This section will introduce you to the Celtic peoples and their lifestyle, it is very basic in nature and I recommend taking a look at the Suggested Reading area of Glamoury. There you can find a list of both fiction and non fiction Celtic literary selections, thus giving a more indepth look at the Celts.
Who were the Celts?
The Celts were the fist European people to emerge from the Alps into recorded history. They were set apart from other European peoples of the time because of the language that they spoke; which would later be referred to as Celtic. There were two distinct periods of Celtic culture, one being the Hallstatt dating from 1200 b.c. to 475 b.c. Hallstatt Celts were identified by their geometric art style and expert craftsmanship of Iron and other metals. As the Hallstatt era declined, the emergence of a new cultural style known as the La Tene period was beginning to flourish. Changes included new decorative art styles, transportation innovations, agricultural advancement, and economic improvement. The La Tene Celts were divided into tribes where they would be ruled by kings and over-kings. Such tribes would be as small as 20,000 to as large as 250,000 . In addition, the La Tene era achieved the most progress in regards to territorial expansion. Such included movement across the Alps into the Po valley, thus pushing back the Etruscans and later settling in the eastern seaboard of Italy. By this point the Celts inhabited Ireland, Britain, Belgium, France, and other Balkan countries. This, however, would not soon last; for the Roman and Greek powers were rising in strength and expanding their empires.
Where the Celts a Nation?
No, the Celts were not considered to be a true nation, but rather that of a culture that bonded a vast group of people together. Since there was no ruling continuity, or High King, the Celts could not be considered an empire, nor could they be classed as a nation.
What did the Celts Accomplish?
The Celtic people were responsible for developing the first recognized and genuine art style in central Europe. In addition, the Celtic knight brought forth the Age of Chivalry and its notions. Not to mention the wonderful inventions that the Celts contributed to such as chain armor, horse shoes, and the spooked wheel. Celtic farmers pioneered the usage of fertilizer and crop rotation.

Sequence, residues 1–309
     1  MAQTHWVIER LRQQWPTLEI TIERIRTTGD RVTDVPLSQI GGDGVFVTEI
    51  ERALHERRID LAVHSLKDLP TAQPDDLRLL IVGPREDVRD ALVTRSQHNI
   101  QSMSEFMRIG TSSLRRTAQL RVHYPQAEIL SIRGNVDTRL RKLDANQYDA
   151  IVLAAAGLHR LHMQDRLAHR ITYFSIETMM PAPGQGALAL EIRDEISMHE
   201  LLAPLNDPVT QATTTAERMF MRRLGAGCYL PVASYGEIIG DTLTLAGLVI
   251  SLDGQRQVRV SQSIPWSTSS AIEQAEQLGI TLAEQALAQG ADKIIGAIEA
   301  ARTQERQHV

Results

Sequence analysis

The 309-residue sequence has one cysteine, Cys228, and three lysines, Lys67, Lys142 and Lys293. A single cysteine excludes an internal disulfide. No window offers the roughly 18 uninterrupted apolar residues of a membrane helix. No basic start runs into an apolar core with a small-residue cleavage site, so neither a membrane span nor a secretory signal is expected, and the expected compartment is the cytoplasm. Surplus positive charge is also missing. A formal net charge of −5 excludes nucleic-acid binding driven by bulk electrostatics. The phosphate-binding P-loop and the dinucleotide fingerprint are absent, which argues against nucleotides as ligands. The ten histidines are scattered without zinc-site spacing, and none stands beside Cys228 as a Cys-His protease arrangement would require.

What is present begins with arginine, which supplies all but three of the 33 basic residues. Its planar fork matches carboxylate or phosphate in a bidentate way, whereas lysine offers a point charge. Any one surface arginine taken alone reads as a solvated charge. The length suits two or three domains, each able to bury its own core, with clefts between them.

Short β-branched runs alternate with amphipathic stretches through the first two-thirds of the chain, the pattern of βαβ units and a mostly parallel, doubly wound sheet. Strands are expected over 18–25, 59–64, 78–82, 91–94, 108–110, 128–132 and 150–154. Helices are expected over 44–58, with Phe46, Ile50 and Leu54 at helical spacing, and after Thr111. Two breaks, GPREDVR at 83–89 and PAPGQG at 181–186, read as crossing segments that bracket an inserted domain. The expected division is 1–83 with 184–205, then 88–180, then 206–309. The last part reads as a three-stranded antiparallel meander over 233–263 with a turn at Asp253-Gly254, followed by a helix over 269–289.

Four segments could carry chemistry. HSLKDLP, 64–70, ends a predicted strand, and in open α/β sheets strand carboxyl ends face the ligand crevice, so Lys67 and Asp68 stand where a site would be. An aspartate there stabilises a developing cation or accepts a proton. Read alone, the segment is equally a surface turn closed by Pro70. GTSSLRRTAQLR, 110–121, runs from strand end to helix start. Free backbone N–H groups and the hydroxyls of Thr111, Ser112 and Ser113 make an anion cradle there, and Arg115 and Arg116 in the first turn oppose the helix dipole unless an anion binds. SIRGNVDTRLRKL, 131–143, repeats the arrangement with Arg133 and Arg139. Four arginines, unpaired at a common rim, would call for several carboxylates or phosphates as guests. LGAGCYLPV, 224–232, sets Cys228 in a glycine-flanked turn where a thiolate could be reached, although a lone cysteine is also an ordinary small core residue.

Who were the Druids?
The Druids were the priests of the Celtic religion and accomplished natural scientists, with a vast knowledge of physics and astronomy. In summery they were teachers, healers, judges, poets, priests, as well as augers.
What did the Celts look like?
Good question. Because of the vast European territory that the Celtic people inhabited, their appearance ranged from a very fair Saxon like complexion, to a much darker Mediterranean look. They were described by various Roman and Greek scribes as being tall and elegant in body frame, with a very commanding presence and a fresh faced look. Celtic men kept their faces shaved with long dropping mustaches, and Celtic women braided their hair, pinning it up with combs and other ornaments. The Celts enjoyed jewelry and flashy clothing, with much adornment. The Roman Diodorus Siculus wrote of the appearance of Celtic children:
“Their children are born, for the most part, with gray hair,
but as they advance in age they are assimilated to the hair color of their parents.”
How did the Celts live?
The Celts were a farming culture, which was essentially nomadic in nature. They built two kinds of structures, the first being a domestic dwelling, or farmhouse; the other being the oppida or town. Their houses were described as being “…large and circular, built of planks and wickerwork, the roof being a dome of heavy thatch.” Where wood was sparse, as in some parts of Scotland, Celtic structures were made of stone with chambers, galleries, and stairs.
What did the Celts eat?
Traditional food for the Celts included: boiled pork, roast beef, bread, game and fish; along with cheese, curds, milk and butter. This, in turn, was followed with tankards of mead, beer and imported wines for the wealthy.
Who were those Celtic women?
The Celts valued their women just as much as their men, a far cry from the male dominated Roman society. It was recorded that Celtic women were found to be possessing of several husbands; this was supported by a documented conversation between a Celtic wife and a Roman matron:
“We fulfill the demands of nature in a much better way than do you Roman women,”
the Celtic lady then retorted, “for we consort openly with the best men,
whereas you let yourselves be debauched in secret by the vilest.”
This truly speaks volumes for the Celtic women and their great esteem and confidence. Diodorus Siculus again comments that “the women of the Celts, are nearly as tall as the men and they rival them also in courage.” In addition to these aforementioned things, Celtic women could rule and inherit property, unlike the women of many other contemporary cultures of the time. Examples of this include Queen Boudicca warrior queen of the Iceni and Queen Cartimandua of the Brigantes.